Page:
in various ways—some on ac-
count of sickness or from death j department:
Eggs by Parcel Post
The department of agricul- j
ture is enthusiastic about egg j
marketing by parcel post. The i
following is a short clipping
Jrom a bulletin sent out by the
or drouth, loss of stock; some
prove dishonest and cannot be
trusted; some are extravagant;
some are born tired; some do
not seem to have any ability or
the gift of usefulness that oth-
In another state I once had a
home. Thi- system of govern-
ment that is cursed so today by
some people is the same govern-
from early morn till night
and drowned 'most a pint
fishworms without ever get-
ting a bite.
I sat on a bloomin' jury and bal-
loted three dav straight. Till a
bailiff came with a rag and
wiped us off the slate.
I went to the big chautaurjua
and sat on a folding chair; but
it whacked my head in the
blue grass, while my feet shot
up in the air.
I flopped down under the maples
and sat on a bumble bee. Now
there isn t a seat in creation
thatlooks very good to me.—
That eggs can be marketed
uccessfully by parcel post, and
iat this method frequently se-1 .
ures a better price for the pro- Resolution,
ducer and a fresher article for |1 l,oast no drop of hero blood,
the consumer, has now been IT ' c'° no not •yoarn for strife;
demonstrated to the Mtirfaction, "■SZZ'fZ J"-
ot the experts in the department.
The department conducted tests 1 noL tned to t0 tyrannize
that covered a period of five rM " "" my 'Jwe[lins h°use:
t-ci iuu m m e I m very meek whfin j bespeak
A favor from my spouse.
months. At the end of that pe-
, ' uuiiiuiuui * • a^'tt'
Organizations of the state asking: homes, there has not been
R , ; v.boiik,aiiuiis m me staie asking mcxe iTHb noi Deen a
■ , f> secr<?tary of their co-operation in "Exposition , vear since I lived here but what
the Managers Bureau of the Dollar Day", August loth, in some renter went on a home of
Lusiness Mens League, said^making it "Tag Day" in each his own. At the same time
! ' 1m,(I I"and ment that gave me 160 acre- of riod it came to the conclusion
handicappedI am! robbed by the land. I improved that land and that the parcel post was of par-
' "' ah "'-v ia 1 ami ,liat had a very good home, but un- ticular value to the man whose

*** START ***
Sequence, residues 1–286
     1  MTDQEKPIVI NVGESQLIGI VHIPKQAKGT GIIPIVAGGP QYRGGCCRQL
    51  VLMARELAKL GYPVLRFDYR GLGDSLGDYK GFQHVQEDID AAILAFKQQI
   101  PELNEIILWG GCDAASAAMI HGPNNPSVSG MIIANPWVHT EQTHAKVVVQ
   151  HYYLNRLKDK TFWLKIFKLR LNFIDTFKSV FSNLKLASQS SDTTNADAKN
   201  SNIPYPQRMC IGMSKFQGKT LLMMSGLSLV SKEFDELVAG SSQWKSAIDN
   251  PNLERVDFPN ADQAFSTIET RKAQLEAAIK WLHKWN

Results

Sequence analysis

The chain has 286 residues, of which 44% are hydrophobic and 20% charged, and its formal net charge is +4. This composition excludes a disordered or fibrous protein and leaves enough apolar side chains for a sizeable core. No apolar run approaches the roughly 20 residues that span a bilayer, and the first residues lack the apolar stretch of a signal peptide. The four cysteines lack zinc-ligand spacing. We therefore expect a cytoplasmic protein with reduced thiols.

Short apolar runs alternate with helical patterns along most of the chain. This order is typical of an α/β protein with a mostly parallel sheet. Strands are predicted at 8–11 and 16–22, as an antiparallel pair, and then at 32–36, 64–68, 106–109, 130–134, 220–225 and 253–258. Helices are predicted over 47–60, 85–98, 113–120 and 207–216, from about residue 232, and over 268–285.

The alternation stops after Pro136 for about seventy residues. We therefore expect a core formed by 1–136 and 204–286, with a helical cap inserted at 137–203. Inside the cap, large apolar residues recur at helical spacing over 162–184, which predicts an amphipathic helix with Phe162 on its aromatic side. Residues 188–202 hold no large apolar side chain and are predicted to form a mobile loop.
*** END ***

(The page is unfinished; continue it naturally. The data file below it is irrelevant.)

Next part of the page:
here is no use for a renter to fortunately for myself and fam- 'lock was too small or who lives
ry to do anything under pres- jjy I got outside the traces and too far from express service to
'""'s' A '"'lairing <>t [tried other things to better my Permit him to ship his eggs in
r renters i financial condition. I did not the regular commercial
stick to the ranch just right and
I soon found myself in debt so
badly I could not see my way
out and to save my credit I sold
my homestead. That is why I
am renting today. No mer-
chant, nor banker, nor land
speculator had anything to do
How To Cure A Sprain
A sprain may he cured i n about
one-third the time required by the
usual treatment by applying Chamber-
lain'; Liniment and observing the di -ome of my neighbor renters
recticin with each bottle. For sale by thev toll il,.W ti, l n
all dealers. • their landlord
usually lets them plant what
5,000,000 People Annually 'V'Y Pl(>USe °n the Ia"d S"d fr°m
Seek New Homes j1.1 ' learn ,he ^'n^r is less
inclined to diversify his crops
Ex- than the landlord would have
just him be. Yet there may be ex-
As to renters getting
which holds 30 dozen eggs. ,
In the course of these exper-,
iments the department shipped '
9.131 eggs in 466 lots. Of these i
3-~, or slightly less than 3.6
per cent, were broken, but only
209, or slightly less than 2.3 per
cent, were absolutely wasted.!
I m not a self-assertive man;
So modest, I aver,
1 hesitate when I dictate
To my stenographer.
In nearly all Things I submit
To other wills with ease;
case, Hut 1 declare, I'm bound to weai
My straw hat wiitn I please.
with it. I was not closed out. The others, though broken,
I hen who was to blame? Was could still be used. The per-
lt the system? No, it was my (fntage of breakage, moreover,
lault. believe in the old say-1 will be greatly reduced, it is
l lu.t Be Left Untouched.
The "Treasure of the Lowly Ig tha
supreme undiscovered treasure that
Is wh> Maeterlinck writes of it with
„ Pen' I!rlng ,h0 J" "> into
fr0mTket' l6t th<" lnrldnr.v take It
from Its mysterious matrix and cut It
„ ', hls re®orseless tools, m „ lnt0
a king s crown, a lady's rinK or the
cover of a silver box an,, Somehow
the wonder vanishes. The crowd n.av
stare, but no one goes into raptures
anj more—Indian Messenger.
Here’s what’s next.
This issue can be searched. Note: Results may vary based on the legibility of text within the document.
Tools / Downloads
Get a copy of this page or view the extracted text.
Citing and Sharing
Basic information for referencing this web page. We also provide extended guidance on usage rights, references, copying or embedding.
Reference the current page of this Newspaper.
The Yukon Sun (Yukon, Okla.), Vol. 22, No. 35, Ed. 1 Friday, August 7, 1914, newspaper, August 7, 1914; Yukon, Oklahoma. (gateway.okhistory.org/ark:/67531/metadc128590/m1/4/: accessed September 18, 2018), The Gateway to Oklahoma History, gateway.okhistory.org; crediting Oklahoma Historical Society.